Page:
• 2 cupped-handfuls of carbohydrate-dense foods (grains, fruit, etc…)
  • ½ thumb-sized portion of fat-dense foods (nuts, oils, etc…)

 

  1. Eating Like a Mesomorph

For those of you who are prioritizing strength and power performance, are bodybuilders looking for a baseline diet, or are resemble the aforementioned naturally V-shaped, yolked gym-bro, you’ll likely achieve your best results mirroring these guidelines.

 

General Recommendations

Those of you following into one of these demographics likely have a moderate carbohydrate tolerance, requiring a more balanced breakdown of the three macronutrients.

In general, try to keep a fair balance of calorie consumption through carbohydrate, fats, and protein.

 

Percentage Breakdown

An ideal macronutrient breakdown for this type of eating would consist of consuming 30% of your calories from proteins, 40% from carbohydrates, and 30% from fats.

 

Portion-Control Guide

Using your hand as a guide for portion control, a typical meal for the average mesomorphic male should look something like this:

  • 2 palm-sized servings of protein-dense foods
  • 2 fist-sized servings of vegetables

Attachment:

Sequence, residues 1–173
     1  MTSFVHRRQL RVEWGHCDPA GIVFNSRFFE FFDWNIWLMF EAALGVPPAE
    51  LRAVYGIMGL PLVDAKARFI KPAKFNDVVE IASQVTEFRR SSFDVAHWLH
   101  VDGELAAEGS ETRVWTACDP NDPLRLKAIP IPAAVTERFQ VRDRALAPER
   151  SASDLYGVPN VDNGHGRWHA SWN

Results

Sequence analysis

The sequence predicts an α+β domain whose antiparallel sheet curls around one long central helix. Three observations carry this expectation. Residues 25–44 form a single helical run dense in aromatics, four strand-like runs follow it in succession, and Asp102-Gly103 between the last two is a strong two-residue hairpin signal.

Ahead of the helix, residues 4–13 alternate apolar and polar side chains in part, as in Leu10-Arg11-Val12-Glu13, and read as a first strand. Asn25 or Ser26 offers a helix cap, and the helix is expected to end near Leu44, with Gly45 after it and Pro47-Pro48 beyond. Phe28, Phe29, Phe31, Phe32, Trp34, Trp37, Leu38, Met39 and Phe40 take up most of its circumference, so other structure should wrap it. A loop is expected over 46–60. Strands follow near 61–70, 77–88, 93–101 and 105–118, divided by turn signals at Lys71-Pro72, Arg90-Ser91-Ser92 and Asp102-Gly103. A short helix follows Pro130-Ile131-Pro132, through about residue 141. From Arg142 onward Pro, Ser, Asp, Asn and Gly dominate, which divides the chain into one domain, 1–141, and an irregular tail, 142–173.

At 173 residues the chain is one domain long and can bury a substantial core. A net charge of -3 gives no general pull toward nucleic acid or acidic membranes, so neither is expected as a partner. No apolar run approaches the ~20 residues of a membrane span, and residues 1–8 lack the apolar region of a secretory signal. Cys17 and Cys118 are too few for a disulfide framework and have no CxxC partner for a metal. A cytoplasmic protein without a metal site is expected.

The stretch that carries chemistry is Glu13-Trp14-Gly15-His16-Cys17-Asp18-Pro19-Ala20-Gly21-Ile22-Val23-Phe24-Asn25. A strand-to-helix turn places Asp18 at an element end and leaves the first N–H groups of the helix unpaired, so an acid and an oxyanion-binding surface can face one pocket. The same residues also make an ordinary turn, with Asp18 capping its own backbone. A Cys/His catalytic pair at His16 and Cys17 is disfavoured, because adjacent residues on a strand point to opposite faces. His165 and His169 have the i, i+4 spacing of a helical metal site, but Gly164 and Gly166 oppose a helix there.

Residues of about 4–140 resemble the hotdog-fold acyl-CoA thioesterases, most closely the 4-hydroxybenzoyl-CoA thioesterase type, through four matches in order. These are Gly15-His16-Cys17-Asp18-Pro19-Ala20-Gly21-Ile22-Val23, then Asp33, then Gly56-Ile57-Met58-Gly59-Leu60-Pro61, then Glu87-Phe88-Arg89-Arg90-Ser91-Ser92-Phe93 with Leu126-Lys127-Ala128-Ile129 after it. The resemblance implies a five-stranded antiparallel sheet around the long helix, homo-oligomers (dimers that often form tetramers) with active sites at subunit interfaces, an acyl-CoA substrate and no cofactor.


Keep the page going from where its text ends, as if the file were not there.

• 2 cupped-handfuls of carbohydrate-dense foods (grains, fruit, etc…)
  • 2 thumb-sized portion of fat-dense foods (nuts, oils, etc…)

Similarly, a typical meal for an average mesomorphic female should look something like this:

  • 1 palm-sized servings of protein-dense foods
  • 1 fist-sized servings of vegetables
  • 1 cupped-handfuls of carbohydrate-dense foods (grains, fruit, etc…)
  • 1 thumb-sized portion of fat-dense foods (nuts, oils, etc…)

 

  1. Eating Like an Endomorph

If you are one who is prioritizing fat loss, or would classify yourself as having an “O-shaped” body, finding it extremely hard to lose weight and finding it extremely easy to put on body fat, you will likely be able to maximize your desired results by adhering to the following guidelines.

 

General Recommendations

Those of you following in to this group are likely going to need to consume fewer carbohydrates due to your body’s low carbohydrate tolerance and/or decreased demand to achieve your training goal.

In general, consume a diet higher in protein and fat and lower in carbohydrate.

 

Percentage Breakdown

An ideal macronutrient breakdown for this type of eating would consist of consuming 35% of your calories from proteins, 25% from carbohydrates, and 40% from fats.

 

Portion-Control Guide

Using your hand as a guide for portion control, a typical meal for the average endomorphic male should look something like this:

  • 2 palm-sized servings of protein-dense foods
  • 2 fist-sized servings of vegetables
  • 1 cupped-handfuls of carbohydrate-dense foods (grains, fruit, etc…)
  • 3 thumb-sized portion of fat-dense foods (nuts, oils, etc…)

 

Similarly, a typical meal for an average endomorphic female should look something like this:

  • 1 palm-sized servings of protein-dense foods
  • 1 fist-sized servings of vegetables
  • ½ cupped-handfuls of carbohydrate-dense foods (grains, fruit, etc…)